In his latest documentary film, Kazuo Hara shares that he wants to make an entertaining movie. Consequently, early in the film, he asks Reiwa Shinsengumi founder, Taro Yamamoto, to not hold back anything and thus really show the behind the scenes of things in his inimitable way. “Things,” in this case, refers to the seventeen-day election campaign waged by the ten candidates (including Yamamoto himself) of the newly formed and emerging force of a political party that is Reiwa Shinsengumi founded in spring 2019 for the House of Councillors election to be held later that summer. The party’s name strategically brings together present (“reiwa,” 令和, the name of Japan’s new calendar era that began in May 2019) and past (“shinsengumi,” 新選組, which famously refers to a ronin-composed police squad during the waning years of the Tokugawa era). Or old and new, following one of the candidates’ speech that the battle is about old power and new power, into which Reiwa Shinsengumi strives to be the critical wedge to bring about much-needed reforms in terms of not only policies but also attitudes and priorities. The mode of campaigns waged by the candidates and their critiques of Japanese politics and society, particularly those of Ayumi Yasutomi, have a marked affinity with Hara’s own brand of confrontational, taboo-breaking, and energetic filmmaking. As such, Reiwa Uprising not only fulfills Hara’s entertainment quotient but is a veritable shot in the arm look at Japanese politicking from the position of the underdog, given that Reiwa Shinsengumi was all but ignored by mainstream media during the campaign season.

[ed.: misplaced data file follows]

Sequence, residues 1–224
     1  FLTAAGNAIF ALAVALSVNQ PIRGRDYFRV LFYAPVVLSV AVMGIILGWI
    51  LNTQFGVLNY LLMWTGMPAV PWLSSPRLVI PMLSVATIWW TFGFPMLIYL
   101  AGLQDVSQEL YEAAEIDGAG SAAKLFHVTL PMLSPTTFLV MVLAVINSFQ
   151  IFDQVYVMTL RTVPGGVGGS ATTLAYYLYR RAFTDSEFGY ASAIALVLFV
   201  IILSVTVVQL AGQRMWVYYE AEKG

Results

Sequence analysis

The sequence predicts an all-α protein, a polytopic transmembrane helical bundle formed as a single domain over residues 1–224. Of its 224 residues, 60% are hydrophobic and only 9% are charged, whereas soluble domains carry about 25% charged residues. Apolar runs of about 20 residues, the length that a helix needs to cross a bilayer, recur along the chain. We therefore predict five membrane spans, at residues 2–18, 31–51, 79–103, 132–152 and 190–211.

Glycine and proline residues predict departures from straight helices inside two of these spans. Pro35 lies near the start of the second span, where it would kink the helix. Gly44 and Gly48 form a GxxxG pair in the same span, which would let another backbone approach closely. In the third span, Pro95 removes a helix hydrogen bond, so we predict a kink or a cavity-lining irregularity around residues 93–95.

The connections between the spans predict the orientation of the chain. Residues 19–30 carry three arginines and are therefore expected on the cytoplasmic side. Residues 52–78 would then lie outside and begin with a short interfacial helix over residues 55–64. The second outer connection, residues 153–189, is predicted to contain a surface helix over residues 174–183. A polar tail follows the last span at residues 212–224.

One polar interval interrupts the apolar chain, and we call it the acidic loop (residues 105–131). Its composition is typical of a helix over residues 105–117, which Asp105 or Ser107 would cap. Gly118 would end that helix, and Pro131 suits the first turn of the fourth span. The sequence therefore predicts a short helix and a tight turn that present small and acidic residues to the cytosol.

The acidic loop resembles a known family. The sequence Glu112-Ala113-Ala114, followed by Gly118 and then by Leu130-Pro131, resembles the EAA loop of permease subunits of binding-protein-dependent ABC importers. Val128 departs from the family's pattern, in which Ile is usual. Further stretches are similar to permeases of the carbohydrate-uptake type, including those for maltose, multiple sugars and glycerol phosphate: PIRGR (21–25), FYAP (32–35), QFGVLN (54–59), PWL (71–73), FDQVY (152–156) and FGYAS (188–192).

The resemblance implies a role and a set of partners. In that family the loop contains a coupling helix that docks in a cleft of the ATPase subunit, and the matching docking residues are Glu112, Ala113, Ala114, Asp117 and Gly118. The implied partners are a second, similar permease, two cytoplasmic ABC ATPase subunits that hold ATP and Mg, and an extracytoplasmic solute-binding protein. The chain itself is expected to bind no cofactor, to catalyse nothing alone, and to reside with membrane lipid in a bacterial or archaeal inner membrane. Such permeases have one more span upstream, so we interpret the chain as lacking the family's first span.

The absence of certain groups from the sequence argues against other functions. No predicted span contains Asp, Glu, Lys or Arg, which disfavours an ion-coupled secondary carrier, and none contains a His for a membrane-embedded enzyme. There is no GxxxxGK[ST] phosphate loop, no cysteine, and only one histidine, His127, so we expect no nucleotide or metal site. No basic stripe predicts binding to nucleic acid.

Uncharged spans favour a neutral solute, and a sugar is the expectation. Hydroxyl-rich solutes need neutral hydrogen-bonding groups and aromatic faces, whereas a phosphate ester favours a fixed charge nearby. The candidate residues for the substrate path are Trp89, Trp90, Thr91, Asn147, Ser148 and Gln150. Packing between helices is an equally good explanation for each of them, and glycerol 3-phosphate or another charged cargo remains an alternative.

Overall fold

Hara’s impetus, entertainment and all? As Hara details in the film’s prologue, he received an email from University of Tokyo professor Yasutomi about her decision to run for election as part of Reiwa Shinsengumi. The two had met in 2018 on Hara’s “Net de CINESIA Juku” wherein he interviewed her and communicated how her approach to campaigning had struck him. Then, he throws out the idea, or half-jokes, that he would like to make a film if she ever decides to run for election again. Fast forward a year later and the film proper begins.
The film can be divided into two broad sections and culminates with the results of the election for Reiwa Shinsengumi’s candidates. The first section presents the buildup towards the beginning of its collective campaign and their diverse platforms, though united by the fervent desire for changes in social and economic policies on a tectonic level. But this first section follows a clever reverse chronology that concludes with the large gathering staged for the presentation of the ten candidates. The sequence is awe-inspiring and moving because the candidates hand-picked by Yamamoto demonstrate a deeply inclusive community, beginning with Yasutomi, who identifies herself as josei-so, a term that she herself coined when she came out as a transgendered woman several years before. Her peers include Teruko Watanabe, a single mother and part-time worker; Eiko Kimura, who is a long-time activist and has cerebral palsy; Yasuhiko Funago, who has ALS and is also a musician; and Toru Hasuike, who shares with Yamamato a defiant anti-nuclear stance and whose brother was abducted by North Korean spies in the late 1970s. That this section concludes with the official introduction of each of the candidates is both rousing and practical. Rousing for the passion that each candidate expresses, which is equally met by the audience, and a stimulus for what is still to come in this mammoth four-hour-plus film. And practical since it allows the viewer a glimpse of each candidate’s personality and individuality, about which Yamamoto is rather adamant about maintaining instead of getting lost in the group, as important as it may be to make “Reiwa Shinsengumi” a household name.